Allegra Kirkland and Sam Thielman walk us through the details and timeline of just how many Trump administration officials knew about Mike Flynn’s sanctions discussions with Ambassador Kislyak and repeatedly lied about it to the press.
On this weekend’s back and forth on who Mike Flynn lied to, who knew he’d lied and why it might matter, let’s step back for a moment. With regards to Flynn lying to the FBI we’re now looking at the narrow factual question of whether Acting Attorney General Sally Yates told White House Counsel Don McGahn that Flynn had lied to the FBI; whether McGahn told Trump; and whether Trump knew this in the intervening days before he fired Flynn when he asked James Comey to drop the investigation. We are collectively running through this chain of connections because of our semi-reasonable but likely outmoded tendency to take the various claims we’ve heard from the White House at face value: especially the claim that Flynn was fired for lying to Vice President Pence, etc. Read More
As we sift through the details of the Flynn court documents we inevitably see them through a distorted prism because we know 2017 as it happened rather than as the Trump team intended it to unfold. This is particularly important for the roughly three months between candidate Trump’s election victory on November 8th, 2016 and Mike Flynn’s ouster on February 13th, 2017.
We see Flynn’s covert communications with Ambassador Kislyak; we see the escalation of the FBI’s scrutiny of Flynn; we know other top Trump officials, like Jared Kushner, were meeting with Kislyak and others and also possibly trying to execute financial transactions with Russian government officials. It’s all sort of a jumble. But the logic of events only really comes into focus when we realize that there was a sort of race taking place between the Trump team’s effort to arrange a rapid rapprochement with Russia in the first weeks of January and February and a mix of the intelligence community, the national security apparatus and the press piecing together what had happened during the 2016 election. Imagine it as a starting pistol firing off on the morning of November 9th, with both teams racing to get more of their critical work done by the end of January. Read More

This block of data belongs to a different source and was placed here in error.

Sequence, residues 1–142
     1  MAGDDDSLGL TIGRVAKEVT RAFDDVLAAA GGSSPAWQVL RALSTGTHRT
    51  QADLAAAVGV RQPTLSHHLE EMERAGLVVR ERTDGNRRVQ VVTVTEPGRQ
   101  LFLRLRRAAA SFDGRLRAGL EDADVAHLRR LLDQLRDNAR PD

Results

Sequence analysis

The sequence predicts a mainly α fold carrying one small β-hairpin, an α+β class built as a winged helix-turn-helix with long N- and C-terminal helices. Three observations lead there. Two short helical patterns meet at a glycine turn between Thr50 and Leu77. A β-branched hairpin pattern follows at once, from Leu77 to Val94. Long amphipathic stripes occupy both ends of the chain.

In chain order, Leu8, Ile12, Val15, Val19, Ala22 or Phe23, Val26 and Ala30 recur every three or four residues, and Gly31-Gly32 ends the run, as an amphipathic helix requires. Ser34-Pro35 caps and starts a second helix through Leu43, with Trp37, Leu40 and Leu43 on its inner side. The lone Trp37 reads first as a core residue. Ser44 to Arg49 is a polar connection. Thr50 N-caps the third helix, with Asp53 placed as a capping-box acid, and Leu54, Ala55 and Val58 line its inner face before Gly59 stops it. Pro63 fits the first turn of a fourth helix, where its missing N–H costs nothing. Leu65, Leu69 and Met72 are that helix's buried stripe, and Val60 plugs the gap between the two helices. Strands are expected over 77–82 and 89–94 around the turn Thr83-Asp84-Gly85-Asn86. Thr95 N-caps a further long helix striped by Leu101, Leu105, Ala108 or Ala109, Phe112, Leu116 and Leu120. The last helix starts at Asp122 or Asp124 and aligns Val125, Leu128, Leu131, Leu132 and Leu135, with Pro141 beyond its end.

Note a few things we now know from the follow-on reporting on the Flynn plea agreement.
The senior transition official who Flynn called into to confer on his conversations and negotiations with Russian Ambassador Kislyak was KT McFarland. Flynn conferred with McFarland and McFarland conferred with a group of other senior officials which, as I noted last night on the basis of the contemporaneous pool reports, appears to have been Stephen Miller, Steve Bannon, Kellyanne Conway and Reince Priebus. Read More
Who was with President-Elect Trump on December 29th 2016 at Mar-a-Lago? The pool report from that day helps clarify that. Read More
The top responses from the White House today have been, first, “everybody lies in Washington” and now claiming that the Obama White House in fact authorized Mike Flynn’s secret calls with Russian Ambassador Kislyak.
lol wut? White House now saying Obama "authorized" Flynn's conversations with Russian Ambassador. pic.twitter.com/0VVl0TN2ci
— Josh Marshall (@joshtpm) December 1, 2017
Statement from Trump lawyer Ty Cobb …
“Today, Michael Flynn, a former National Security Advisor at the White House for 25 days during the Trump Administration, and a former Obama administration official, entered a guilty plea to a single count of making a false statement to the FBI.
“The false statements involved mirror the false statements to White House officials which resulted in his resignation in February of this year. Nothing about the guilty plea or the charge implicates anyone other than Mr. Flynn. The conclusion of this phase of the Special Counsel’s work demonstrates again that the Special Counsel is moving with all deliberate speed and clears the way for a prompt and reasonable conclusion.”
There’s no way to know for sure. We’ll never know definitively. But this morning, before the Flynn news broke, I was thinking that President Trump’s behavior has seemed more wild and erratic in recent days. Yes, the baseline standard is pretty high. But over the last week or so we’ve seen a number of reports of Trump saying wilder things in private to associates and advisors. He seemed to be gravitating back to the kinds of transgressive behaviors and assertions he makes when he’s under threat or pressure. Read More
I.F. Stone famously said “All governments lie.” This may be the first time I’ve heard this maxim invoked as a defense. The initial spin from the Trumpers about the Flynn plea deal is “everyone lies!”
— Josh Marshall (@joshtpm) December 1, 2017